How to Perform a Jewish Wedding
Jewish weddings are full of beautiful and meaningful ceremonies that signify the start of the bride and groom’s life together. The wedding day has, in fact, been likened to a personal Yom Kippur for the couple involved where they rid themselves of all the negativity accumulated in their daily lives and start fresh.
Jewish weddings rituals start a week before the wedding with Kabbalat Panim, the tradition that bride and groom cannot see each other until the marriage ceremony. On the wedding day, during which they will both fast until the ceremony has been completed, they dress in their wedding finery, with the groom wearing the traditional Yom Kippur white kittel robe, and they greet their guests separately. At Ashkenazi weddings, their mothers break a plate together, emphasizing the gravity of the situation and implying that a shattered relationship can’t be mended.
The Badeken ritual is then performed and the groom puts the bride’s veil on her, which is a tribute to her modesty and innocence and which is also meant to encourage the guests to think about inner qualities instead of physical appearances. The couple then takes their place under the chuppah, or marriage canopy, which is open on all sides. In Ashkenazi custom, the bride then circles the groom seven times, indicating that she is building their home, and then stands to the groom’s right.
The rabbi then recites the betrothal blessings after which the bride and groom drink a celebratory cup of wine to bless the betrothal, which is also known as Kiddushin. Jewish law dictates that a marriage is not legal until the groom gives the bride a valuable object, which is usually a ring. Jewish wedding rings are plain gold and it is at the moment that the groom gives the ring to the bride and says “Behold, you are betrothed unto me with this ring, according to the law of Moses and Israel.”, that the wedding is officially consecrated.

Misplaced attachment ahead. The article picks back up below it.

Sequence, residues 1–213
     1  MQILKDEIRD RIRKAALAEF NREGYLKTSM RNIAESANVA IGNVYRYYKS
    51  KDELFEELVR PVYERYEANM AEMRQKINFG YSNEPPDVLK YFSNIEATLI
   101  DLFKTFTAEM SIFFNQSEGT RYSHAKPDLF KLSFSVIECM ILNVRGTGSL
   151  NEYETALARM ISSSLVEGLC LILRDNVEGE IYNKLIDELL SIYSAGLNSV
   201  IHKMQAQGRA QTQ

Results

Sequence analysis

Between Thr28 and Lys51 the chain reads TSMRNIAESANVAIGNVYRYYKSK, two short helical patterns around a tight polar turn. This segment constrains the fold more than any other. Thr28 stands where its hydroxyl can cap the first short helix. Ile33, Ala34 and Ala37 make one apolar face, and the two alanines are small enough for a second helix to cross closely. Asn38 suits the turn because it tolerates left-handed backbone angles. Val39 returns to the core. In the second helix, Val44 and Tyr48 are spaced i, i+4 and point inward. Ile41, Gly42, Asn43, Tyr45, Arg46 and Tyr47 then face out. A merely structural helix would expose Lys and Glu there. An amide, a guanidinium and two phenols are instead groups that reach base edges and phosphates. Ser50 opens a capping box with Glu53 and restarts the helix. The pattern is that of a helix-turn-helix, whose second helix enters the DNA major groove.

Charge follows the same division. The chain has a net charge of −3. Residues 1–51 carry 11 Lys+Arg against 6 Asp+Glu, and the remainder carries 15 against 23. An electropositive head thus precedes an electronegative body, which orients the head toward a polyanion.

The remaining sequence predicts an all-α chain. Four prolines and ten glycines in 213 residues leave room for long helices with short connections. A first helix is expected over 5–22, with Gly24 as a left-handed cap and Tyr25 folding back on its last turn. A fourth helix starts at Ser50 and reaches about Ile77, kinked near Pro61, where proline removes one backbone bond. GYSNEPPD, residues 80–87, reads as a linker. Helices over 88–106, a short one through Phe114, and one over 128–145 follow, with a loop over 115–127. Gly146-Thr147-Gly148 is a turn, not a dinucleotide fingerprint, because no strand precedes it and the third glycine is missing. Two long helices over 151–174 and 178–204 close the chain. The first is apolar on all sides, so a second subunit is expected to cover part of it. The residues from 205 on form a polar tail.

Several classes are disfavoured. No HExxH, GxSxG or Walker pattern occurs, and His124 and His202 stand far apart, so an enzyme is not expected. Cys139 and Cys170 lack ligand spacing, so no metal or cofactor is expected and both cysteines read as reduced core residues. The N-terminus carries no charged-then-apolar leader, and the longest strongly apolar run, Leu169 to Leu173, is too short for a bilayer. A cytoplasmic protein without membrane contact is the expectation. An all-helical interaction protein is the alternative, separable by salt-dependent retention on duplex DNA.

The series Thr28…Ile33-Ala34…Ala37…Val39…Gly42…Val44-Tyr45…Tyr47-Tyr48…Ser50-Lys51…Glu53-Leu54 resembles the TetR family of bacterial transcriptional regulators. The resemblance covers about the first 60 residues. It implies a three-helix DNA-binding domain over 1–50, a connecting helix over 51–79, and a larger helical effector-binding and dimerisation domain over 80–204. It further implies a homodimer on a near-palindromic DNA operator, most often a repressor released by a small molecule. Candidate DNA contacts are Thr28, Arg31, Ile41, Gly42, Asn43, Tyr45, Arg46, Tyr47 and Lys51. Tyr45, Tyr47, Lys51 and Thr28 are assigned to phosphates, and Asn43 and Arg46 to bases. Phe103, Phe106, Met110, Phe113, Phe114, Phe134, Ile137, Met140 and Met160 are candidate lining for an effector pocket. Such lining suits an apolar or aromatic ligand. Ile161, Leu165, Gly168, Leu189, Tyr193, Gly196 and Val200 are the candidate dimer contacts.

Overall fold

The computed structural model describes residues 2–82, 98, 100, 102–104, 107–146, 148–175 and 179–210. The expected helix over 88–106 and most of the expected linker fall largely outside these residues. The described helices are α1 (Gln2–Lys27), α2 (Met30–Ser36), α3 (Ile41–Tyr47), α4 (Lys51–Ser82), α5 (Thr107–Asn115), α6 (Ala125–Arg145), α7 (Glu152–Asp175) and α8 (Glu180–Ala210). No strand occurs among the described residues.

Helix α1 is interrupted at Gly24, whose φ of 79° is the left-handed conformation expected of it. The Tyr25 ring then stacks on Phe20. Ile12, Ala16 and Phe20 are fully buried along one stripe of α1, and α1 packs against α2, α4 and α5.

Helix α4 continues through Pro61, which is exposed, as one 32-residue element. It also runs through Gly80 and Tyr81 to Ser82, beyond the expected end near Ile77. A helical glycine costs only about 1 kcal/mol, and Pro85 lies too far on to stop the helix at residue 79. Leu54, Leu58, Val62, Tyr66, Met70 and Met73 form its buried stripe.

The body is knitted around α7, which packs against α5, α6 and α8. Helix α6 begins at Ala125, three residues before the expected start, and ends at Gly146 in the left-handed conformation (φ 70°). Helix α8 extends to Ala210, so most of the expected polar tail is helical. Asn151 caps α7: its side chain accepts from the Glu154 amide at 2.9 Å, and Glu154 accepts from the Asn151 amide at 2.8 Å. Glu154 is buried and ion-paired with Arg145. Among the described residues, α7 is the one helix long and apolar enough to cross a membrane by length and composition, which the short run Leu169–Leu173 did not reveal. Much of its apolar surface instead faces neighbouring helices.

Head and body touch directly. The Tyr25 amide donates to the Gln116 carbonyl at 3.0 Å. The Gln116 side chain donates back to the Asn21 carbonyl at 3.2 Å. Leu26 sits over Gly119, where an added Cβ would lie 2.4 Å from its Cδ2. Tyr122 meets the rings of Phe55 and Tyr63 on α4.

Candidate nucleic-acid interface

The jewish marriage contract, or ketubah, is then read – in the original Aramaic – and this sets out the groom’s future responsibilities towards his bride. Two witnesses sign the ketubah, which the new wife will keep all her life, and this comprises the end of the first part of the wedding ceremony. The couple now moves from the Kiddushin to the Nissuin – from the betrothal to the marriage – and the rabbi recites Shiva Brachot, the 7 blessings, after which the bride and groom drink from a second cup of wine.
The groom then stamps on and shatters a glass on the floor, which symbolizes the destruction of the Temple in Jerusalem and the couple’s solidarity with the Jewish peoples, and this signifies the end of the wedding. The bride and groom are then escorted from under the chuppah by their friends and family to heartfelt cries of Mazel Tov. In some ceremonies, the couple is then taken to the yichud room, a private space where they can be alone together for the first time as man and wife and also have something to eat.
And now all that remains is for the new husband and wife to enjoy themselves at their wedding party, which usually features hearty food, dancing and festive entertainments. After completing the meal, they will say grace, the Birkat Hamazon, and listen to another recitation of the 7 blessings. During the week after the wedding, the couple will be treated to celebratory dinners by friends and family.
Jewish wedding rituals embody the beauty and permanence of the new relationship in a way that is wonderfully rich in tradition.
For a more in depth guide to performing a Jewish wedding the Wedding Rites by Micheal Foley.